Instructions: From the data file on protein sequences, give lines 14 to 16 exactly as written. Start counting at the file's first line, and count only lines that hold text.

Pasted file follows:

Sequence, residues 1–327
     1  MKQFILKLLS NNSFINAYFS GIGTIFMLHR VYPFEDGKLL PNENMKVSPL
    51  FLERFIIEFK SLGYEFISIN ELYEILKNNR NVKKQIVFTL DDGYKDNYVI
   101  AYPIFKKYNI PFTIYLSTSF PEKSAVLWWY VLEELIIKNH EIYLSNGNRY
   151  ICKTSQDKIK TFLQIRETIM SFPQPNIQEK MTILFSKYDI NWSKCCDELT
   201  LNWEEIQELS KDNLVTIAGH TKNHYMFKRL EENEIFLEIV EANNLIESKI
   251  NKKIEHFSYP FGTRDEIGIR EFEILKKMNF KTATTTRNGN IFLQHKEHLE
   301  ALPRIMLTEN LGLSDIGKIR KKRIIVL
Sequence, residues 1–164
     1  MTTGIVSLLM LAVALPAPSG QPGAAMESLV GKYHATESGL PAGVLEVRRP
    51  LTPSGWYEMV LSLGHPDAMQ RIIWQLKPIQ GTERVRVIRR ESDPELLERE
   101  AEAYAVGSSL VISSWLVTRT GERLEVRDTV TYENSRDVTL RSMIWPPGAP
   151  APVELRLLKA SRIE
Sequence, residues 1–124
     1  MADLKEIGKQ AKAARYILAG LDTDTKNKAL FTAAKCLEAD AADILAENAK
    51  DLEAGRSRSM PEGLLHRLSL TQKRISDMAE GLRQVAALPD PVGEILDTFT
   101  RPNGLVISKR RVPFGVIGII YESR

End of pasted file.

Sequence, residues 1–124
     1  MADLKEIGKQ AKAARYILAG LDTDTKNKAL FTAAKCLEAD AADILAENAK
    51  DLEAGRSRSM PEGLLHRLSL TQKRISDMAE GLRQVAALPD PVGEILDTFT